LAS VEGAS (KLAS) — One of the unsettling challenges some children will face when heading back to the classroom is bullying.
One father’s tragic story helped launch an anonymous reporting system for students called SafeVoice.
“We had no idea, you know,” said Jason Lamberth, parent.
He says he found out his daughter Hailee was the victim of bullying after she took her own life in 2013.
“For whatever reason, Hailee didn’t tell us about it, and the school neglected to fill their obligation and inform us,” Lamberth said.
He became a driving force behind SafeVoice launched in 2018.
The I-Team obtained information on the number of reports made to SafeVoice and it revealed bullying as the number one reported concern.
The Nevada Department of Education reports more than 1,700 tips in the Clark County School District just from January 2018 through July 2019 and more than 2,400 for the state.
“Absolutely, I think part of the increase in the number of reports in bullying is attributable to young people being more aware of what type of behavior constitutes bullying and not being afraid to speak up knowing that it’s OK to report it and tell somebody what they’re going through and that it’s not OK and that they don’t feel safe,” Lamberth said.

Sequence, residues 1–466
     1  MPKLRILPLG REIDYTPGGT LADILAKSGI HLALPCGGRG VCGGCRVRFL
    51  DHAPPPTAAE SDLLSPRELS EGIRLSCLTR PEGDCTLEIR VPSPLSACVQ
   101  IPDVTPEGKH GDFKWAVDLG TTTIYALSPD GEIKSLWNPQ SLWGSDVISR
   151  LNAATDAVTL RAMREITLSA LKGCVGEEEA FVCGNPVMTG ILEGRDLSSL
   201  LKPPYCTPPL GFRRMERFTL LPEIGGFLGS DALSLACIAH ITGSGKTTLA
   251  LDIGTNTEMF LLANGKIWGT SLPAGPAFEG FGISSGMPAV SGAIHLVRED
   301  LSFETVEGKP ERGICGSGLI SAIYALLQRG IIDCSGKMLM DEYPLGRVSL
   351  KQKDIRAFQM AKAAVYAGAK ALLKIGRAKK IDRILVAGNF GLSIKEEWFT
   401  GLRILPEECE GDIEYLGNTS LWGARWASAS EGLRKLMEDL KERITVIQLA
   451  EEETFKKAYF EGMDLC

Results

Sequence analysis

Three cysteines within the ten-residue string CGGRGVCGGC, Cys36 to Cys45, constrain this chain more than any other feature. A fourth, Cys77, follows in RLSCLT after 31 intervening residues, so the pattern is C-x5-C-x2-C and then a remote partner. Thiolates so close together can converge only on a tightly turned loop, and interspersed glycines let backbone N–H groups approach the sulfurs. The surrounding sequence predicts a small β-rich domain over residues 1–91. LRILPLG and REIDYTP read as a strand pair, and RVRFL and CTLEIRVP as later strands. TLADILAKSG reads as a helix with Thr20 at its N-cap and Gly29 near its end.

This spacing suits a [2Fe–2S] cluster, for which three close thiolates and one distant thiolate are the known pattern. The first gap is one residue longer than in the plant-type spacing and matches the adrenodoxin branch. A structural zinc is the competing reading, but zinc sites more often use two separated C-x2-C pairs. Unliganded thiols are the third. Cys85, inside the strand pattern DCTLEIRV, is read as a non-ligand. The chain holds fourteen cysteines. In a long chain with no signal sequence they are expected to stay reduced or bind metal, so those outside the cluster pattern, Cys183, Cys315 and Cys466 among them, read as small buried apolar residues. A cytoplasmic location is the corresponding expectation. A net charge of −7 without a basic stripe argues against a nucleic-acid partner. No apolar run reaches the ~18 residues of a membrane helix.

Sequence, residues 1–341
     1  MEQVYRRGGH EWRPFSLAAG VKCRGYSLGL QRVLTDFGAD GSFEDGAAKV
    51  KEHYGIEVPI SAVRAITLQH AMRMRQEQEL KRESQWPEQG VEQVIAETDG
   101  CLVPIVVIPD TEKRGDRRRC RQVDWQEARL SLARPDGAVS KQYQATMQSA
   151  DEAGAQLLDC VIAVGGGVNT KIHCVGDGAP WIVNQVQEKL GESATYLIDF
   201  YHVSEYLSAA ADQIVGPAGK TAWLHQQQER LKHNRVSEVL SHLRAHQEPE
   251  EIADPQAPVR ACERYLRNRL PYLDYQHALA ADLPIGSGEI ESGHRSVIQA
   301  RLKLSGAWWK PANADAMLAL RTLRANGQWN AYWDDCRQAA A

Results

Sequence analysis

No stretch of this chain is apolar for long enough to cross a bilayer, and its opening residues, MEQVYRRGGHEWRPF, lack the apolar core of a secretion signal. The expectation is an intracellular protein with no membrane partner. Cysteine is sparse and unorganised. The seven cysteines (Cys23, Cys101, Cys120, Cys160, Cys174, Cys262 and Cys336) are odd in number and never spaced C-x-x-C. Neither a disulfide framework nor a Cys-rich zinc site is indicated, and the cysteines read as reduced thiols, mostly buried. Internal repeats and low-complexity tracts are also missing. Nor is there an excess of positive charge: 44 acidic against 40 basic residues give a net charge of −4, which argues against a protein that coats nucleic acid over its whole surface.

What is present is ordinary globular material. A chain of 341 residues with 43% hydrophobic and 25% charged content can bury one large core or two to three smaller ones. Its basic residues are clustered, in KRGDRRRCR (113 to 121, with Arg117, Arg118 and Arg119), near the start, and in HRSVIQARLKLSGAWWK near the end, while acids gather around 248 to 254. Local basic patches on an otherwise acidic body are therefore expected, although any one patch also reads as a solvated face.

He also pushed for Hailee’s Law which passed in 2015. It led to the creation of the state Office for a Safe and Respectful Learning Environment which provides training, intervention and other resources to combat bullying.
The law also requires disciplinary action to be taken against school staff who do not inform parents their children are being bullied.
“That was the number one aspect of Hailee’s Law,” Lamberth said. “I think was that we were denied the opportunity to intervene and help Hailee. You know no parent should be denied that opportunity. If all the protocols and policies had been followed, I wouldn’t be sitting here.”
Lamberth would have done anything and everything to save his daughter. Now, he is making sure his daughter and her struggles are not forgotten.
“You know it’s a heavy lift. It’s a cultural change. It’s not going to happen overnight. It takes a lot of time, and a lot of effort and most importantly, just persistence.”
Lamberth did sue the Clark County School District. After a nasty fight put up by the district, his family was awarded a $700,000 settlement. But for a parent who lost a child, he says no monetary amount will help bring his daughter back.
Lamberth has also started an anti-bullying organization called Hailee’s Hope.